Carbon Shadows: Measuring Your Impact Beyond A Footprint

“Carbon footprint” has been a term used by climate change and sustainability experts for over 20 years. First used by BP in 2004, carbon footprint was a measure of an individual’s daily life impacts on the planet. We have all become familiar with it; you may have even looked to calculate your own personal footprint at one point. But a newer term has surfaced that switches the dialog to one that speaks to the greater climate emergency happening – your carbon shadow 

Coined by Emma Pattee, the term carbon shadow moves us beyond thinking about just the numbers-based, calculable emissions right under our feet. Your climate shadow encompasses bigger life choices that you make – from what you consume, to what you choose to buy or participate in, and what you pay attention to. It can include donating money towards climate action causes, staying informed on the climate crisis, eating a plant-based meal more often, and avoiding non-essential plane travel – all actions that can have additional carbon impacts as well as put strain on planetary resources.  

While it may seem like an ominous term – a shadow being something that follows you around wherever you go – it is a hopeful call for action that looks to broaden the mind. We have been accustomed to calculating emissions on a smaller, lifestyle basis, changing our daily habits like taking shorter showers or turning lights off. Switching our mindsets towards understanding our climate shadows makes us understand those larger, impactful choices and decisions we can make in our lives to bring about powerful, collective action. The term can help individuals connect with “my environment” and the impacts of more of their actions – hence, better understanding the connected ecosystem of planetary challenges that we face today.  

What about carbon shadows in business?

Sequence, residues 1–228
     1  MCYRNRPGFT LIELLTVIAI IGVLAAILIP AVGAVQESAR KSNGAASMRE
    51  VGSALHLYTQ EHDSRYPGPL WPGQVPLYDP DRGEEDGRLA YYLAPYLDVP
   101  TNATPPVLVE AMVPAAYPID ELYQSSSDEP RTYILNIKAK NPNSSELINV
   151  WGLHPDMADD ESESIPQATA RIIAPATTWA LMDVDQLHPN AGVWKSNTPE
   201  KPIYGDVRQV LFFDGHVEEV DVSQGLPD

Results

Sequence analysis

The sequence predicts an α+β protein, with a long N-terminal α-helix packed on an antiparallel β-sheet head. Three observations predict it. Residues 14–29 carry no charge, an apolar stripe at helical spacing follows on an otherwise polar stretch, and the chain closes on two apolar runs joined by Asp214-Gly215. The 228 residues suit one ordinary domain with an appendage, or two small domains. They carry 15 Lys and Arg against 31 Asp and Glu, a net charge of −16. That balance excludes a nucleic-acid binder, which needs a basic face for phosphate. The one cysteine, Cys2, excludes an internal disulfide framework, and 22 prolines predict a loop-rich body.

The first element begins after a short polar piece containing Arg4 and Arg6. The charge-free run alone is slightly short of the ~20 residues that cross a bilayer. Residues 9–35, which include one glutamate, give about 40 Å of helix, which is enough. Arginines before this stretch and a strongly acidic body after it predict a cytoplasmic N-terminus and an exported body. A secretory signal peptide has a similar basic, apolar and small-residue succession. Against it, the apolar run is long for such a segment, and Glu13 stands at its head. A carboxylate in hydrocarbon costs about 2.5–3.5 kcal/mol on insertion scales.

From a corporate and investor perspective, companies can look to understand those strategic business yearly decisions they make and how it grows their shadows, moving towards a culture of responsibility and accountability. For organizations looking to make bold moves towards their sustainability efforts, a good place to start is by creating transparency within your company on sustainability strategies – providing a view of how you are tracking towards your goals. 

A related concept to this is Shadow Carbon Pricing – a term that has a similar naming convention but has a different scope. This methodology is used in internal financial and economic reviews to fully assess the true price of carbon emissions by considering all external factors (economic cost, applicable taxes, market trends, and trends in societal habits). Using this, companies can get a full picture of the cost of emissions and instead, invest in those projects that have low-carbon emissions or look to find sustainable alternatives. 

The world of sustainability reporting changes constantly. As new terminology, guidelines, tools, and mandates launch each year, it is helpful to have services and support from a trusted advisor. Cority’s Sustainability Cloud solution, along with our team of ESG and sustainability experts, support organizations to advance their sustainability strategies across their value chain and beyond. Interested in learning more? Connect with our experts today.